Wasteful Spending in the Tax Expenditure Budget Is Fertile Ground for Deficit Reduction
Our nation needs jobs, a strong and competitive economy, and deficit reduction. The way to win that trifecta is not the House of Representatives’s continuing resolution for the remaining seven months of fiscal year 2011—a bill panned by a wide range of economists from across the political spectrum as a threat to economic recovery and a job destroyer. And the way to get deficit reduction is not as the House-passed bill does, to initiate immediate cuts concentrated in one narrow area of the budget that funds the most critical investments for long-term economic growth.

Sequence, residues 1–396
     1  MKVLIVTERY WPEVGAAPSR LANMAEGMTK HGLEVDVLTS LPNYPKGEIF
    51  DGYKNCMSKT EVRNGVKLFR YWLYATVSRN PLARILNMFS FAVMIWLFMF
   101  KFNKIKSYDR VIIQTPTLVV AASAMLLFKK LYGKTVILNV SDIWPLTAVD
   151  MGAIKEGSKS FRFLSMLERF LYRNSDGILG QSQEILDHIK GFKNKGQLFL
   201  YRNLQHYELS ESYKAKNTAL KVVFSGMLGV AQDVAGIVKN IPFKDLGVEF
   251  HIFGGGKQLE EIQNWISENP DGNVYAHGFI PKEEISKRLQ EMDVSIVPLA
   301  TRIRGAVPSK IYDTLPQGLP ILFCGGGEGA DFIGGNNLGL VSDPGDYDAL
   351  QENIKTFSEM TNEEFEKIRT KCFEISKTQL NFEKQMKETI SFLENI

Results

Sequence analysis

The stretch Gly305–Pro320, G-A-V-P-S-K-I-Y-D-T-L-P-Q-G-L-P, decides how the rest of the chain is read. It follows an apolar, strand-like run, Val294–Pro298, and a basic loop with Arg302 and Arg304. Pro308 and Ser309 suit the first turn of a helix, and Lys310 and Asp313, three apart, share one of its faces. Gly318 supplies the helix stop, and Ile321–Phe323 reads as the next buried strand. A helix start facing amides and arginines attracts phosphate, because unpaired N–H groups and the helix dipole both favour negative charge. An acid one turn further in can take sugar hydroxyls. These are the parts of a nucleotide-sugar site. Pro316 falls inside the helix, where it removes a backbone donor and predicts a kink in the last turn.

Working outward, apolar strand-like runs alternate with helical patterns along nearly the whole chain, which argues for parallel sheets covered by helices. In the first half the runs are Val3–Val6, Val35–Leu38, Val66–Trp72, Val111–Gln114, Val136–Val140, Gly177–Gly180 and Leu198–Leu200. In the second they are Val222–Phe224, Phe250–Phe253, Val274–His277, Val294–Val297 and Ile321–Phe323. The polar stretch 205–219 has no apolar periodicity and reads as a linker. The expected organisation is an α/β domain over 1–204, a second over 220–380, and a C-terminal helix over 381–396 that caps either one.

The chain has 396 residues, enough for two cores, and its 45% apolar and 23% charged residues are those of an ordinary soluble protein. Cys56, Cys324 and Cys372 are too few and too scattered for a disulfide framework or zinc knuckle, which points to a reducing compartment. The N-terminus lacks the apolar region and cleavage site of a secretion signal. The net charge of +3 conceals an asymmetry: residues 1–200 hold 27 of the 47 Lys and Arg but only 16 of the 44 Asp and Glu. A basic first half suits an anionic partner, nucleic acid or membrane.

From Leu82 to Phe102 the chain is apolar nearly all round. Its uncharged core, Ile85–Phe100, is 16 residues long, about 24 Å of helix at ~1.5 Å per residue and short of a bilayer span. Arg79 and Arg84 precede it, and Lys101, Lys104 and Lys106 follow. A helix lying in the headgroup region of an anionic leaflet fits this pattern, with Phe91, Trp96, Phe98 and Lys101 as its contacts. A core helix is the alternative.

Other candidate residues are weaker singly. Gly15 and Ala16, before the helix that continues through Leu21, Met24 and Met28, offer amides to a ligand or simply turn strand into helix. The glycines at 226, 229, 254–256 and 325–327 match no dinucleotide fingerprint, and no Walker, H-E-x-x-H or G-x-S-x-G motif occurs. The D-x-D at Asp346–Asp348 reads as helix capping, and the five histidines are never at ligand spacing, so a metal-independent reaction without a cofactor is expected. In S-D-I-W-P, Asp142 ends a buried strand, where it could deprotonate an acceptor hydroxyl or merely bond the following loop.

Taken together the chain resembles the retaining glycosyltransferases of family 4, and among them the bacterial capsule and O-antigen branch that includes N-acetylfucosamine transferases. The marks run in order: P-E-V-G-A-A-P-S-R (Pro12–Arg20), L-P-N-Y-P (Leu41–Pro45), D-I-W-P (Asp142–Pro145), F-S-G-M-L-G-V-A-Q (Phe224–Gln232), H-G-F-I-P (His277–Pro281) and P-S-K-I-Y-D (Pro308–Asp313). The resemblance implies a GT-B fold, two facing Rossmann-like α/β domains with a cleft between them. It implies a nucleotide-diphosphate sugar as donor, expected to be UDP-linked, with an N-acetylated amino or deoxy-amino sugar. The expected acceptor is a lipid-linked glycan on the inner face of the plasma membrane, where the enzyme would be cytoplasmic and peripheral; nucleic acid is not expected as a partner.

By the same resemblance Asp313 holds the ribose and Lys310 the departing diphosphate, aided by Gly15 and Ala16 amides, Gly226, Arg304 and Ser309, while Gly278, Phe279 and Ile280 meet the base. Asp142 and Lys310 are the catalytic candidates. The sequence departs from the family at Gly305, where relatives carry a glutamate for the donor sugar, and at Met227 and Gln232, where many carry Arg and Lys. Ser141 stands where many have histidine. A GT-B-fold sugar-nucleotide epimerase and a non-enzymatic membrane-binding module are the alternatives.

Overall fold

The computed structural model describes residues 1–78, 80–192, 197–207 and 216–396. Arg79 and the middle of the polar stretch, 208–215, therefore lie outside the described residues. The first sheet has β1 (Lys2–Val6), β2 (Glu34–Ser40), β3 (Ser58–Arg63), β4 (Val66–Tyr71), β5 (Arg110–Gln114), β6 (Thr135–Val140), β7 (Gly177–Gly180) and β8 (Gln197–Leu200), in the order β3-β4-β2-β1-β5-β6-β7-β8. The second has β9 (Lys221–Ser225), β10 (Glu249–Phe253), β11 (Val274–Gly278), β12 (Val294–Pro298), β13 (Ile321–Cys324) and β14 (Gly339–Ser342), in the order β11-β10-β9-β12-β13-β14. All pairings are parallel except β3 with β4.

Instead, the focus should be on the waste found in the largest area of spending, an area of the budget larger than Social Security, Medicare, Medicaid, or national defense: the more than $1 trillion of tax-code spending hidden in the federal tax code. Dollars spent through the tax code in the form of tax breaks, called tax expenditures, are widely recognized to be the functional equivalent of direct government spending.
With the debate raging in Washington over spending cuts, tax-code spending should be on the table. In this report we identify individual tax-code spending cuts that could total $64 billion in FY 2012 and $502 billion over five fiscal years. If enacted, these cuts would be far less harmful than the $60 billion of short-term direct spending cuts that have passed the House of Representatives.